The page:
5 Mistakes to Avoid with Canned Coconut Milk
If you’re a fan of Thai curries or Indian dishes like chicken tikka masala, canned coconut milk likely has a permanent spot on your grocery list. A few splashes add a creamy richness and nutty, slightly sweet flavor to everything from soups to desserts.
Here are five mistakes to avoid when reaching for this pantry favorite.
1. Using sweetened coconut milk.
Although it might not specify, almost any recipe that calls for canned coconut milk is referring to the unsweetened variety. Cans of sweetened condensed coconut milk and cream of coconut — both of which contain added sugar — are often sitting on shelves near the coconut milk, so be sure you’re buying the right can.
Follow this tip: Be sure you’re buying unsweetened coconut milk. It’s already naturally sweet, so you don’t need the extra sugar, unless the recipe specifically calls for it.
2. Using lite coconut milk and full-fat interchangeably.
You may be looking to reduce the fat content of the recipe you’re making, but swapping lite canned coconut milk for full-fat might not be the best idea. Just like with regular milk, sometimes the swap will work, but sometimes it can negatively affect the overall texture of the dish. For example, you can get away with it if you’re just adding a splash to soup or a smoothie to lend creaminess, but if you’re using it in a cake or to make vegan ice cream, the texture will be less rich and possibly a bit grainy.
Follow this tip: For the best results, use full-fat coconut milk if the recipe calls for it.
3. Using coconut cream instead of coconut milk.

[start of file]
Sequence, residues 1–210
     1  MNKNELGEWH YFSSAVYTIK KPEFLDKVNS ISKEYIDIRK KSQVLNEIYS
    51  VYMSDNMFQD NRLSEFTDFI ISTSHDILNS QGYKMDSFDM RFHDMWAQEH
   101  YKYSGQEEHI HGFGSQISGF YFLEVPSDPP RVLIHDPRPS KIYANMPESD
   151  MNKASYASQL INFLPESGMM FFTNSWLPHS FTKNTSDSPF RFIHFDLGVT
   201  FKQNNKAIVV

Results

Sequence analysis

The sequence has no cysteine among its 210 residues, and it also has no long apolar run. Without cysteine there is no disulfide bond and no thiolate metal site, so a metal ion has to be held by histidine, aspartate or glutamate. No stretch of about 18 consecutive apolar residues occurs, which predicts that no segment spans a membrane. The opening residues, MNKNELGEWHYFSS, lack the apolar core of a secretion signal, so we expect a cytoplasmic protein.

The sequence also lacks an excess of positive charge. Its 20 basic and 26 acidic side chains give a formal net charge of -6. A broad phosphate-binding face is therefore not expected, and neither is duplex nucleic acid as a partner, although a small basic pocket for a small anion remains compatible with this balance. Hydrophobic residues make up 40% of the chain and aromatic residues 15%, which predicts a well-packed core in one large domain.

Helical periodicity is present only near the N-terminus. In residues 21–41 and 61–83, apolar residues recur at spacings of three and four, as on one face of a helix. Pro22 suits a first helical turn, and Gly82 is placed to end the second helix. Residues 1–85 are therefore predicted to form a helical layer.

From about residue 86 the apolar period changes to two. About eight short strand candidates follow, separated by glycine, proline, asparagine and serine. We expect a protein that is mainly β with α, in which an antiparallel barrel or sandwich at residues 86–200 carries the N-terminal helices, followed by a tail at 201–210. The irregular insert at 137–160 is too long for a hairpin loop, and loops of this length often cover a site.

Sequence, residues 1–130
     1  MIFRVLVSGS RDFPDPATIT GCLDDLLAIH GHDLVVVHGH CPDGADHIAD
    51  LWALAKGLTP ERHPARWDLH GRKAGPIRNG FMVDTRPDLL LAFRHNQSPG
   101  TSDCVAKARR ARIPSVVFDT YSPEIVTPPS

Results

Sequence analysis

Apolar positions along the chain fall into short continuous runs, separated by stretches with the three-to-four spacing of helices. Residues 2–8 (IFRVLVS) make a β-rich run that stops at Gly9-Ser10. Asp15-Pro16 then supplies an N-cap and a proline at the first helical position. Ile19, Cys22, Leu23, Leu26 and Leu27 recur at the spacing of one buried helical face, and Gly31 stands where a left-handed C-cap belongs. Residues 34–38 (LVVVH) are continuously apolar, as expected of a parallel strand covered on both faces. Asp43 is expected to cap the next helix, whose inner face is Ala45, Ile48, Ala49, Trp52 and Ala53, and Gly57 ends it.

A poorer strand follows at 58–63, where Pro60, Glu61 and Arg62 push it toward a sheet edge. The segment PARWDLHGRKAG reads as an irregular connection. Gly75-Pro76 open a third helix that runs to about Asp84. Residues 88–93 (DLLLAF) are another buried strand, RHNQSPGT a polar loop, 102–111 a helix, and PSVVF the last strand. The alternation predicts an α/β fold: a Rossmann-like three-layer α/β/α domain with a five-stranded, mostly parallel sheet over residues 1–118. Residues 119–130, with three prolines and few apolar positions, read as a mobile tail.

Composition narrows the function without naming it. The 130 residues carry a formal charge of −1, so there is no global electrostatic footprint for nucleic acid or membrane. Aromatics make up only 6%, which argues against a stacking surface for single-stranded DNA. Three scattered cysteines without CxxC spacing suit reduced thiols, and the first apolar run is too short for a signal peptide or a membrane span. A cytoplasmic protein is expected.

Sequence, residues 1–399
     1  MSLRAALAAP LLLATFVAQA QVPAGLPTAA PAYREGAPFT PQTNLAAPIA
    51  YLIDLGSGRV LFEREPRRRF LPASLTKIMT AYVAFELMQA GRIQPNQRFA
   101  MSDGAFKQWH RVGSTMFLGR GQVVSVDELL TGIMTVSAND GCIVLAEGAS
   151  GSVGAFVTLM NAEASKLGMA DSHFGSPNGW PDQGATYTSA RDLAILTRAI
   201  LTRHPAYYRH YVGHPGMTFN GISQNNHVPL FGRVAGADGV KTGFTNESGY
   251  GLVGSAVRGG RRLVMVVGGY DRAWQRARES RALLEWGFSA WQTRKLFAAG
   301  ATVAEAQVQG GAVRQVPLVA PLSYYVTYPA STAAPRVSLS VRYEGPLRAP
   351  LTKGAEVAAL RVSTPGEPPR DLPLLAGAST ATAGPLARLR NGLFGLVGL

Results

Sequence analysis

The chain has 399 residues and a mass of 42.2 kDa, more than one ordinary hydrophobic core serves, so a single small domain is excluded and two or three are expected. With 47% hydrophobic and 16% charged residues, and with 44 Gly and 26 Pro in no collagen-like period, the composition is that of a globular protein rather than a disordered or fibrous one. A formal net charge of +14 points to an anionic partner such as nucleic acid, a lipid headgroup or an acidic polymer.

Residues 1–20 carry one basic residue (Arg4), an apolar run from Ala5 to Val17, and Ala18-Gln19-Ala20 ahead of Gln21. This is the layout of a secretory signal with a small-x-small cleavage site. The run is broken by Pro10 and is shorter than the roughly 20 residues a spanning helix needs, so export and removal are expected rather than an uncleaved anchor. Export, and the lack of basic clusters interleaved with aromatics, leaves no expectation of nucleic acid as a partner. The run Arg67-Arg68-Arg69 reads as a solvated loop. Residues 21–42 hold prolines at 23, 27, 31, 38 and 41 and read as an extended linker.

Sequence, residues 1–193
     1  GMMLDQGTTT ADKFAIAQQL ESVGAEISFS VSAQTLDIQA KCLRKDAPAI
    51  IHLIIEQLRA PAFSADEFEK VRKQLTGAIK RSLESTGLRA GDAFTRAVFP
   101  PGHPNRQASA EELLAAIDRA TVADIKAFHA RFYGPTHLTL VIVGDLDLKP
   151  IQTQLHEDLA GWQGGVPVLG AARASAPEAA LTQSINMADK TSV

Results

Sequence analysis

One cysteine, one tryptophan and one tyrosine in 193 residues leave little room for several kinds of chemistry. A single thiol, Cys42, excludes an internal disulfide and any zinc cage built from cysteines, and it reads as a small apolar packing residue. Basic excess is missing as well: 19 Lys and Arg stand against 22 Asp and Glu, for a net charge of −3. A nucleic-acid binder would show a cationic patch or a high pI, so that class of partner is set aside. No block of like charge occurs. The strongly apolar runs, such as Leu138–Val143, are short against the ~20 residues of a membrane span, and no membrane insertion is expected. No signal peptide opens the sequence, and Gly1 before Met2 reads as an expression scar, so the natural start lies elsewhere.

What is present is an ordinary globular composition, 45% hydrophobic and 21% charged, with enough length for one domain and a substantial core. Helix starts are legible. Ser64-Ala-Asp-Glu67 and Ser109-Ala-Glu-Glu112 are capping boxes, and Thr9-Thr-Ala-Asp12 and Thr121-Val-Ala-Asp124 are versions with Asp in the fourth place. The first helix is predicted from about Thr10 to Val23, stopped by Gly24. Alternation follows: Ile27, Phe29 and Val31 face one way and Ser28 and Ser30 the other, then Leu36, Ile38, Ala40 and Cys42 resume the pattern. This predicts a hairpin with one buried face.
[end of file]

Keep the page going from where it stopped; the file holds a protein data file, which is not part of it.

Cans of coconut cream look almost identical to cans of coconut milk (and they’re also unsweetened) so you might be fooled into thinking they’re the same thing. Coconut cream, however, is much thicker and richer and contains less water, so it’s an entirely different product. It’s typically used to make vegan sweets like pudding, cream pie, whipped cream, and panna cotta.
Follow this tip: Read the label clearly to be sure you’re buying coconut milk and not coconut cream.
4. Not shaking or stirring the can.
If the coconut milk you bought doesn’t contain any stabilizers, the richest, creamiest part of the milk will naturally rise to the top. It’s totally OK if this happens — you just want to mix it into the rest of the milk before using.
Follow this tip: Shake the can before opening it or gently stir it once open to ensure the cream on top mixes into the thinner milk.
5. Storing leftover coconut milk in the can.
Sometimes all you need in a splash or two of coconut milk in a recipe. If you have leftovers, you might be tempted to cover the can with plastic wrap and toss it in the fridge. However, it’s best to get the remainder out of the can for storage, as the milk could develop a metallic taste.
Follow this tip: Transfer leftover coconut milk to an airtight container and refrigerate for up to five days. You can also freeze leftover coconut milk, but it will separate when defrosted. Use a blender or immersion blender to re-emulsify.